But in 1922, showman Sid Grauman (who owned several of the Broadway movie palaces) helped shift the entertainment center from downtown to Hollywood Blvd. when he built the Egyptian Theatre - five years before Grauman built his famous Chinese Theatre down the street.
The Egyptian theme was inspired by the discovery of King Tut's tomb in that very same year. Like the Chinese Theatre, it had an open courtyard out front to draw in passersby off the sidewalk. This forecourt featured massive, four-feet wide Egyptian-style columns, hieroglyphics, murals, a tiled fountain, large pots filled with exotic plants, and even a 12-foot figure of a dog-headed Egyptian god guarding the portico.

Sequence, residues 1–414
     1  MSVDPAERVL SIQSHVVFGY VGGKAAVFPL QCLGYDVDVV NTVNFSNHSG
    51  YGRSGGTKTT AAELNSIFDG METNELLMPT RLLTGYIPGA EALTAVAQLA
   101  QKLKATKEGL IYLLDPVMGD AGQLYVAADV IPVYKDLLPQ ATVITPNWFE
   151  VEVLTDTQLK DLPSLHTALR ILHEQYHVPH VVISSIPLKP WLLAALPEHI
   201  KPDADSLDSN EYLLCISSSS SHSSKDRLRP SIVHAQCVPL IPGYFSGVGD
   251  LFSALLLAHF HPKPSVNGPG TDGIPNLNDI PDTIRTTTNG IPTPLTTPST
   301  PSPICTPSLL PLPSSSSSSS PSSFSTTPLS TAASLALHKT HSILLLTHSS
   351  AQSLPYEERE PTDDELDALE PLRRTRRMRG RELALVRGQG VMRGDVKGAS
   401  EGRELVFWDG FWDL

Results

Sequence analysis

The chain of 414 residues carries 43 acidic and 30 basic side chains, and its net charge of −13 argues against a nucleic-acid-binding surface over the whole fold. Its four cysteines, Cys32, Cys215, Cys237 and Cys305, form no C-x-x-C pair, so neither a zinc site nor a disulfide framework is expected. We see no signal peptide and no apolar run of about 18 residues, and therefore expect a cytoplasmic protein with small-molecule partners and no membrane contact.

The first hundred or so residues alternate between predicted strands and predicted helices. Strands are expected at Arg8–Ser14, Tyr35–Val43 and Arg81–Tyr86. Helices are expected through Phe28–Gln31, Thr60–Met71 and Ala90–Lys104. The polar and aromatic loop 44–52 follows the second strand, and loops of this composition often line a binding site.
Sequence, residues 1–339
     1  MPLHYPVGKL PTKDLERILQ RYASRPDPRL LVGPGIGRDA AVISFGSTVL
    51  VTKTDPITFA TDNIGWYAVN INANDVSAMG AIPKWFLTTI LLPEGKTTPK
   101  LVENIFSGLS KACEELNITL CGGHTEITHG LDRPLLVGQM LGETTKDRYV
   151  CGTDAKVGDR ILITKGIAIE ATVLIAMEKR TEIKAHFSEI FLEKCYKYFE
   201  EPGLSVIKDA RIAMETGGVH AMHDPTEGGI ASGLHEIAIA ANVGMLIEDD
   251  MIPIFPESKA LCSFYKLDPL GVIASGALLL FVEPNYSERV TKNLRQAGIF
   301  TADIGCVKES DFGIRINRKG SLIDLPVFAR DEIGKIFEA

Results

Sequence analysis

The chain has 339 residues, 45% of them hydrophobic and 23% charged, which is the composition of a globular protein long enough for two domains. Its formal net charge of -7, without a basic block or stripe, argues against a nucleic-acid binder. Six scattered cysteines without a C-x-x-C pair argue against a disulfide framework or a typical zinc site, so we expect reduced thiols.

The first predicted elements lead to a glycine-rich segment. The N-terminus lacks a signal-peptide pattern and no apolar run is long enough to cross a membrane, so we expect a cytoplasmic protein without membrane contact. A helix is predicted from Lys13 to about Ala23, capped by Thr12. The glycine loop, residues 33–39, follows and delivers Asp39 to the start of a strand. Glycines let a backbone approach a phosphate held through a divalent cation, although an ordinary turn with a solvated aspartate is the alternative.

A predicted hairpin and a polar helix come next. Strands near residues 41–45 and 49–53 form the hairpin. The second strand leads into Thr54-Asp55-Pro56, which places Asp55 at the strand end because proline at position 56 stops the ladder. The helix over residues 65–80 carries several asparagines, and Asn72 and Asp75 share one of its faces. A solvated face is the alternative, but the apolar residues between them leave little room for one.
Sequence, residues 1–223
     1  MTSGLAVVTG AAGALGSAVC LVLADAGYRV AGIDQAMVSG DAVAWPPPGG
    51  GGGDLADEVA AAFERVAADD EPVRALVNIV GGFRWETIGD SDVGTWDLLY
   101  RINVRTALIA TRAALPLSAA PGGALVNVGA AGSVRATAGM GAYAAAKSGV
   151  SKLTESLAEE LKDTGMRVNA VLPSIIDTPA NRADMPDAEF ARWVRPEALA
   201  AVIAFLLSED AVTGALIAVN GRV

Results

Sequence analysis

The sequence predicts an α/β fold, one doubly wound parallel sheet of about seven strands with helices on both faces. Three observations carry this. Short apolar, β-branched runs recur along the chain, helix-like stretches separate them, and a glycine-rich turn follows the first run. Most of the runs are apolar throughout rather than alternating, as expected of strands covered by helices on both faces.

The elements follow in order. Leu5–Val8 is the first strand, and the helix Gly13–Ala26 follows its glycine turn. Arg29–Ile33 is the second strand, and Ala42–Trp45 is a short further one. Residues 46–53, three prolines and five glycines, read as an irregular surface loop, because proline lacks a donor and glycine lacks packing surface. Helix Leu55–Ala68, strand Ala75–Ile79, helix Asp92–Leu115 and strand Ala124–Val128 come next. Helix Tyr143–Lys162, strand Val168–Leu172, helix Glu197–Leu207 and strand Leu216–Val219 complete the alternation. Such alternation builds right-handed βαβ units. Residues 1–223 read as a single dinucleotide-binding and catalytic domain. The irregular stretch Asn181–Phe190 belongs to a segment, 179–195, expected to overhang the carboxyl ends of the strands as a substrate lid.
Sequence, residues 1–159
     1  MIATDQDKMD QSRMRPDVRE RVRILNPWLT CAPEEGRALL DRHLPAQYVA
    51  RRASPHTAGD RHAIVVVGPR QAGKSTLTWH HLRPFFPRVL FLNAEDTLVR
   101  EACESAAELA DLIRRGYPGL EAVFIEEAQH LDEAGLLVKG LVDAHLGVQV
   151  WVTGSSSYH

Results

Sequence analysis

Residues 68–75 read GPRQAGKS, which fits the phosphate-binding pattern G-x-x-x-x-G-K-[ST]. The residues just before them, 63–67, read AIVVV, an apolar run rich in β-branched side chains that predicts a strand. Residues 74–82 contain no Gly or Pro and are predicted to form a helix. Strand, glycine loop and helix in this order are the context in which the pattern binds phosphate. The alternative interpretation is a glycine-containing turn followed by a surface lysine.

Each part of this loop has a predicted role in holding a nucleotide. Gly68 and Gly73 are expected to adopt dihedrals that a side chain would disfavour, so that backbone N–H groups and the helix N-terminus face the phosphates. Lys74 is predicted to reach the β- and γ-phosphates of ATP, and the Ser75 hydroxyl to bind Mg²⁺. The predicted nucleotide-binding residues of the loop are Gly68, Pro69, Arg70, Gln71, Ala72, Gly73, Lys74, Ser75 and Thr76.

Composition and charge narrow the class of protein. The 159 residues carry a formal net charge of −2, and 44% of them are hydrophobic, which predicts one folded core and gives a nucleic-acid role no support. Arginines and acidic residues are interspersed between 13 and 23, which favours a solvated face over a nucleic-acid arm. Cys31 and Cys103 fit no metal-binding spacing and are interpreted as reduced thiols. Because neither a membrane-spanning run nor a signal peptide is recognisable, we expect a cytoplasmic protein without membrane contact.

These forecourts also served as a congregating place for the press and fans during the many gala movie premieres Grauman liked to stage, a particularly Hollywood form of publicity stunt employed by the studios to generate media excitement for their newly-released films.